MADISON, Wis. – State health officials say it's a record year for Legionnaires' disease cases in the state. This is the type of pneumonia that has seen five UW Hospital patients diagnosed this week.
One of these patients was already seriously ill and died this week after being diagnosed, which usually occurs in people with weak immune systems. It is caused by legionella.
"We've seen a lot of Legionnaires' Disease this year," said Thomas Haupt, the respiratory epidemiologist at the Wisconsin Department of Health Services. "It's a record pace, and we're not proud of that … It's a potential 10 percent death toll for people affected by it."
Haput said that Legionnaire's disease is more common than one might think, and perhaps more frequently over the years.
In 2010, Wisconsin DHS data showed that the state had 63 confirmed cases. That has increased to 160 in 2013, and this number is approaching 300 in November this year.
"We're doing everything we can, keeping an eye on things," Haupt said, adding that the trend is mirroring national level. "It's just an inexplicable year for Legionnaires disease."
He said it was difficult to pinpoint the cause of the disease caused by a particular type of bacteria.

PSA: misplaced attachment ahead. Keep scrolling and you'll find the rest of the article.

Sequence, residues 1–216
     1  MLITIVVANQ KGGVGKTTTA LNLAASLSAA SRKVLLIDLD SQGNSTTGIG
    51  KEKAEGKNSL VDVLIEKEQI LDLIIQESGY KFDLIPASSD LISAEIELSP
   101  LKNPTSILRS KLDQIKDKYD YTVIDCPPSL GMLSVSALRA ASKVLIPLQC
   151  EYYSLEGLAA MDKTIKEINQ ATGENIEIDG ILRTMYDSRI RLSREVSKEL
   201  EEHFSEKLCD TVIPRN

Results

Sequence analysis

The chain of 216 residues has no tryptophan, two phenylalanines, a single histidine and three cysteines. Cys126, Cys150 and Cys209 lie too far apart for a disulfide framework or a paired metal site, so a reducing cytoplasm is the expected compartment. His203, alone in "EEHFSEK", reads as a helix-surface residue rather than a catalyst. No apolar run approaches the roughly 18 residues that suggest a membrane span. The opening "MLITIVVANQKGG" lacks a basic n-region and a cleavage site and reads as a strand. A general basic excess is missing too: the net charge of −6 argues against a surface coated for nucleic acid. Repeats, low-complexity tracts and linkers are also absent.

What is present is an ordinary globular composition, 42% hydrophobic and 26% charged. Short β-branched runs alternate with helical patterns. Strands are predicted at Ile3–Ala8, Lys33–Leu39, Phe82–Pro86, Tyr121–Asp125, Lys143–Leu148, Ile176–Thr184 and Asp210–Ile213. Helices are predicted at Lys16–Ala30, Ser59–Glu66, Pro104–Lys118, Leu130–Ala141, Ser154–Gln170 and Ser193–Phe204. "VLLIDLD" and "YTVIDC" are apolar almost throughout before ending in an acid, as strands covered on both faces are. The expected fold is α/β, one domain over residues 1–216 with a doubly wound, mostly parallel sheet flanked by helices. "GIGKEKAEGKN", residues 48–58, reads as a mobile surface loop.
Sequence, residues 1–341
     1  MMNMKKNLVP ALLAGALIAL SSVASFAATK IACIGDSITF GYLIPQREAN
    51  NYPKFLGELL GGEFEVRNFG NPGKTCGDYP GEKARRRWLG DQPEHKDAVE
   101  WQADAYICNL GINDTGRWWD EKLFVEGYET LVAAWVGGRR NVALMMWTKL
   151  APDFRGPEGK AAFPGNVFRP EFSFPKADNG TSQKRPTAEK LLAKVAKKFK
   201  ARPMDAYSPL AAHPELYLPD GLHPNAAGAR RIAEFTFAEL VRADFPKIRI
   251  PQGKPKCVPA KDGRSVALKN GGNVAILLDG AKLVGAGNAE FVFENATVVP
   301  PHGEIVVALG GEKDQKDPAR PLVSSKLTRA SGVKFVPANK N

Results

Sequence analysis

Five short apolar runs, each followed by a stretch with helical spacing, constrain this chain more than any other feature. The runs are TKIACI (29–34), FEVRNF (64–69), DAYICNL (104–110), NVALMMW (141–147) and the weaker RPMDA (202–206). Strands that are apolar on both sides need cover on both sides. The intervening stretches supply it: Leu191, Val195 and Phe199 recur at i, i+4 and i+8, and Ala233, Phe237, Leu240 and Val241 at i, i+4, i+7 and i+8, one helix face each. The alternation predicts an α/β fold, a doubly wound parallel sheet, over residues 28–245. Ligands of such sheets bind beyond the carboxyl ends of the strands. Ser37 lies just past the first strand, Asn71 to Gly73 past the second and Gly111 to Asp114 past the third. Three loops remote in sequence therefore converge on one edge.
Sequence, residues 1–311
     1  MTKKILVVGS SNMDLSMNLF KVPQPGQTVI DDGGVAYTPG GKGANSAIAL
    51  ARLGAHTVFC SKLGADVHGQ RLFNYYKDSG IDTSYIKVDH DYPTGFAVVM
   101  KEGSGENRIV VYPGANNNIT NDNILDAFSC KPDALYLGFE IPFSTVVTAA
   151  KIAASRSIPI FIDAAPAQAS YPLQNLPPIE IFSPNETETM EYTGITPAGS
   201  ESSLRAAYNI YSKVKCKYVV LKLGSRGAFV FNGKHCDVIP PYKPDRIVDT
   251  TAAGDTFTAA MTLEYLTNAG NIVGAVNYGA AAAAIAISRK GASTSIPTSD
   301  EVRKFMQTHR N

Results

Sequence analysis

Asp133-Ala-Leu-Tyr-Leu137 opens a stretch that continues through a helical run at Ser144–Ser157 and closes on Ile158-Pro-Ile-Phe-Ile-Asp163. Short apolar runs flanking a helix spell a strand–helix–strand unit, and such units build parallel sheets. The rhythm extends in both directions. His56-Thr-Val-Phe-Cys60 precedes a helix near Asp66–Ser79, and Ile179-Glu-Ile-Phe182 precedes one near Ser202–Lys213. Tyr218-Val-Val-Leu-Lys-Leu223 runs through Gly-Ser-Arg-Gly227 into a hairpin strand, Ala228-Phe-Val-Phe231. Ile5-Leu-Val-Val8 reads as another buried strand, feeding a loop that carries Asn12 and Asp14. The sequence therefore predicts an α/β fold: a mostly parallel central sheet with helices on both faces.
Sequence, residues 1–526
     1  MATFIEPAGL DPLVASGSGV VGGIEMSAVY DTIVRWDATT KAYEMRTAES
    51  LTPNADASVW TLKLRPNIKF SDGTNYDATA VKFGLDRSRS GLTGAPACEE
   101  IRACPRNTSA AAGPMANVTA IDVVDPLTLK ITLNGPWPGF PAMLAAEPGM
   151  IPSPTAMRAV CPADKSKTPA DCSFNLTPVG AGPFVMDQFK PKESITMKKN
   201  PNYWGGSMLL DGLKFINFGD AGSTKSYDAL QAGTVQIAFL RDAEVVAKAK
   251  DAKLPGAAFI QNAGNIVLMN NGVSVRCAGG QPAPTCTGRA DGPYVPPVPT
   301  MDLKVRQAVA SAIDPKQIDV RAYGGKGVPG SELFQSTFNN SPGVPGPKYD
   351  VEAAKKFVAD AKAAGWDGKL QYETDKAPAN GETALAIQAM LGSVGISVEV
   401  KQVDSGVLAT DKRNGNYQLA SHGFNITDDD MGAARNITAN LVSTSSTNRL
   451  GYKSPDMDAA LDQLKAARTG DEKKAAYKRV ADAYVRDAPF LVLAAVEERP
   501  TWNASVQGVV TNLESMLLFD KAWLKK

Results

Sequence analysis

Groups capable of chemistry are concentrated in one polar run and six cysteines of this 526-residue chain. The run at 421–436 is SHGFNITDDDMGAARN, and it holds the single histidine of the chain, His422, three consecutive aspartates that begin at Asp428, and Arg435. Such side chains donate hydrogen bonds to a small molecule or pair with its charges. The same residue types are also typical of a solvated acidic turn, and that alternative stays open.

"It is frustrating for everyone including patients and families," said Haupt.
A hot water system at UW Hospital is the probable cause of five legionnaires' illnesses that spread from contaminated water through inhalation in the mist.
The way that water is contaminated could come from companies' homes and pipelines.
"People probably do not think too much about plumbing in their homes, but it really does affect the water quality," said Madison Water Utility Public Information Officer Amy Barrilleaux. "We do a great deal of work to make sure the water is safe when it gets to your home, it's disinfected, it's ready to go, but once it gets there you need to take care of all the plumbing in your house "
She said that water is disinfected in homes and businesses with chlorine, but stagnant water with hot water in sanitary systems runs the risk of bacteria growing, such as those causing legionnaires' disease.
"From these extra baths or somewhere, somewhere, just use that water there, because if you turn on the faucet after a few months, that water has been sitting in that faucet for a few months," said Barrilleaux.
Chief health experts are themselves still not sure why Legionnaire's disease is on the rise nationwide, but the DHS website said it could be a combination of factors such as increased reporting, more vulnerable people and / or more legionella bacteria in the area
 Haupt said that the fact that UW had no cases of legionnaires' illness in the hospital 23 days before this week is a good track record and there is no risk to the public at the time.  He said: However, if you or a loved one was in the hospital for a long time and on an L inflammatory disease, it is worthwhile to be examined.
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